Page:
Last week, I had the pleasure of attending the 2016 New Room Conference, along with hundreds other evangelical United Methodists alongside brothers and sisters from other Wesleyan churches. The “New Room” name comes from the first building constructed by the early Methodist movement.
With some 1,500 registrations this year, on top of the many who watched the livestream from home, this is easily the largest regular pan-Wesleyan gathering in America.
Sponsored by Seedbed, the publishing arm of Asbury Theological Seminary, these annual gatherings feature inspiring worship, robustly orthodox plenary sermons and presentations by such noted figures as Asbury’s prolific New Testament scholar Ben Witherington, communal times of prayer and repentance, and practical ministry-equipping workshops on everything from family discipleship to women’s ministry to intellectual evangelism in our present American context.
While the central Tennessee location is within driving distance for a wide range of people interested in this national conference, more regional New Room Gatherings are scheduled for early 2017 in Florida, Texas, Georgia, and Oklahoma.
But organizers intend New Room to be more than just a series of big conferences. J. D. Walt of Seedbed told UMAction that New Room is “a twenty-first century attempt at a classical Methodist movement.” He noted that the only way to become a Methodist in our movement’s early days was through smaller connections. While Seedbed is largely known as a publisher of excellent printed and online materials, Walt explained that they are convinced that content is not enough—people also need contexts. So New Room is working on setting up “micro-communities” modeled on the early Methodist classes and bands. Walt made clear that they are not seeking to start a new church or replace any existing one, but rather to help create more places of deep community for Christians to pursue and experience what the Wesleyan theological tradition has understood to be “the second half of the gospel” – the sanctification in holiness that God offers subsequent to our initial new-birth or born-again conversions. Seedbed’s very name derives from its desire to sow the seeds for spiritual awakening, a major them of this conference.
The September 21-23 conference heavily plugged the portal they have set up to promote this at www.newroombands.com
One of the final presentations of the three-day conference was Rev. Jessica LaGrone, Dean of Asbury Seminary’s Chapel, interviewing members of such a modern-day Wesleyan band consisting of seven men in Florida, including pastors of some of United Methodism’s fastest growing congregations. They recounted how they consistently challenge each other to Christian purity and go out of their way to support each other during difficult times, including advice for major life decisions and loving the son of one member amidst this young man’s troubles with drugs, mental illness, and jail. It was striking to see as prominent a United Methodist leader as the Rev. Jorge Acevedo, one of the most well-known large-church pastors in our denomination, admit that he would have quit ministry long ago if it were not for this band. Over its many years of existence, the band has had two members leave: one because he thought its members “weren’t holy enough” (because of their honesty in sharing their struggles), and another who consistently chose to refuse to live into the group’s covenant, and so was eventually voted out after a long time of the other members trying to work with him. It was observed that when pastors have major moral failures, one consistent factor is their being isolated.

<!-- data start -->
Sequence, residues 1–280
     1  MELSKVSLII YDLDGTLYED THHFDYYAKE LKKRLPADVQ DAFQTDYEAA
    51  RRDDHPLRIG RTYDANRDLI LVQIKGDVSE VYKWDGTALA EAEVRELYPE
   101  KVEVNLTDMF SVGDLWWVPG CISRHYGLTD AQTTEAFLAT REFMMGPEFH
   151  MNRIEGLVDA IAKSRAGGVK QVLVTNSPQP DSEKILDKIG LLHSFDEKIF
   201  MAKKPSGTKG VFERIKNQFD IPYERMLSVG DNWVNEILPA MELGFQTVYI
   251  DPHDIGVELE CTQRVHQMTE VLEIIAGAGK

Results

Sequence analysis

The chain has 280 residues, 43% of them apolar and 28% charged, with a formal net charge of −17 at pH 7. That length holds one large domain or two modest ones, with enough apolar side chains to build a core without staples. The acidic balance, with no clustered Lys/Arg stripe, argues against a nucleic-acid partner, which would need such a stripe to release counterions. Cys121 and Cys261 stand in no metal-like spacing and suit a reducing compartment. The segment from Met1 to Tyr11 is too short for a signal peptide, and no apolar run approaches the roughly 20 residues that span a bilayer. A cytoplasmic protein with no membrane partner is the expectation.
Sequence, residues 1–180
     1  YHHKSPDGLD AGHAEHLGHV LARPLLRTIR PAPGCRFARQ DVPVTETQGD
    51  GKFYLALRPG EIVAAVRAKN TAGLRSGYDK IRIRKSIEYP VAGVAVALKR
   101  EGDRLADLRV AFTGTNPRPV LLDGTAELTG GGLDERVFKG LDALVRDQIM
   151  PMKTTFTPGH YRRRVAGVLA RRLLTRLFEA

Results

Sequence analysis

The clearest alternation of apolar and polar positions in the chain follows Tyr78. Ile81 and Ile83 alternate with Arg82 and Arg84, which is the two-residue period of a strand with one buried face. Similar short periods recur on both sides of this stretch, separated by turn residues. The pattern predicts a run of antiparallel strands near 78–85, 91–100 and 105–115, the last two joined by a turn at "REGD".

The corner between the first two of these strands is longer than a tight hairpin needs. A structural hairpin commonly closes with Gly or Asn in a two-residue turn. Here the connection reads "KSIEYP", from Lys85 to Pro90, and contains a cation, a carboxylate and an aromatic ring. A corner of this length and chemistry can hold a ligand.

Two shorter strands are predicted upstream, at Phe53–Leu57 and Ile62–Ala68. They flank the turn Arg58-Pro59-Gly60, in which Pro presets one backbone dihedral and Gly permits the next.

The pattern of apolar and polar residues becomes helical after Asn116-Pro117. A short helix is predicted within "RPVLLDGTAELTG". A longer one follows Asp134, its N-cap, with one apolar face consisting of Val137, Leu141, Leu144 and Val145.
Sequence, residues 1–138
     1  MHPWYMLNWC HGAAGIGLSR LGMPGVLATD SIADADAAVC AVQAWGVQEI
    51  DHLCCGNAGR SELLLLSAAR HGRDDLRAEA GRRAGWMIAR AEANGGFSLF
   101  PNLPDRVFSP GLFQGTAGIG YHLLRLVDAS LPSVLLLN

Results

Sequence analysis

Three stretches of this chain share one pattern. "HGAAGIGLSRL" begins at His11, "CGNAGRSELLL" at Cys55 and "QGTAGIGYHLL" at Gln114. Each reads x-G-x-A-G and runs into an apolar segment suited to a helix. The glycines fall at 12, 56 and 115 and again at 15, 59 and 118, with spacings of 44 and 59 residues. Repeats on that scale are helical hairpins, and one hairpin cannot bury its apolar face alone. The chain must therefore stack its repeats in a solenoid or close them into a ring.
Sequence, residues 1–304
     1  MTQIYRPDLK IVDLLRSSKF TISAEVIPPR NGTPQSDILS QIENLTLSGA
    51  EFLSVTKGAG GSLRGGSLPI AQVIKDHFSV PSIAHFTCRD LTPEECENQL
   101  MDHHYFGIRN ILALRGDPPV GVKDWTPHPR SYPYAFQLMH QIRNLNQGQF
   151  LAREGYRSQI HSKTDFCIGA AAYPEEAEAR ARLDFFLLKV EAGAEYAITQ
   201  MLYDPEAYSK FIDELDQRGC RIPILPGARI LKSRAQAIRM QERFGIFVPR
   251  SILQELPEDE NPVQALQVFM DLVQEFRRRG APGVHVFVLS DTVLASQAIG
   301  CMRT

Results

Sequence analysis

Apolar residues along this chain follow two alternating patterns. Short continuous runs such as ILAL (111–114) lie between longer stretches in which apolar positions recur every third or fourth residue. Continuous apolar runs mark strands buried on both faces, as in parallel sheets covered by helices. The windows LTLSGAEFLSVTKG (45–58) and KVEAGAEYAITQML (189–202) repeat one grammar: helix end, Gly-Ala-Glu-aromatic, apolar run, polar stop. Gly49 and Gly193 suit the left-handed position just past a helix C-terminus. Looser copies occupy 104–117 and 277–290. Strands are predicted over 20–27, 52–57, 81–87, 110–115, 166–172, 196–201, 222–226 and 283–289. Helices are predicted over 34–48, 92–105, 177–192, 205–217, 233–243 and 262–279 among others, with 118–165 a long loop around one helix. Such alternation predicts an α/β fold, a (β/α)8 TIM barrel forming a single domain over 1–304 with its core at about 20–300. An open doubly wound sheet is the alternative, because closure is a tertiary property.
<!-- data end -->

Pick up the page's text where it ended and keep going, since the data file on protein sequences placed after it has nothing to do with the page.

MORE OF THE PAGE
On the one hand, this gathering was a refreshing time to be together with so many solidly evangelical United Methodists, who constituted about 80 percent of attendees. It felt a bit like a big family reunion to get to fellowship in one place with orthodox United Methodist leaders, pastors, and laity from all five U.S. jurisdictions as well as overseas, from people I had last seen at General Conference to others I had previously only known through social media. For those who were interested, there were plenty of opportunities for hallway conversations about the state and direction of our denomination. The size of the gatherings, which have roughly doubled every year since the first in 2014, demonstrate how despite all of our UMC woes, God continues to work powerfully through so many places in our denomination (even isolated faithful congregations within the Western Jurisdiction!). There is clearly a great hunger within our denomination to come together to encourage one another in unapologetically orthodox, evangelical, Wesleyan ministry.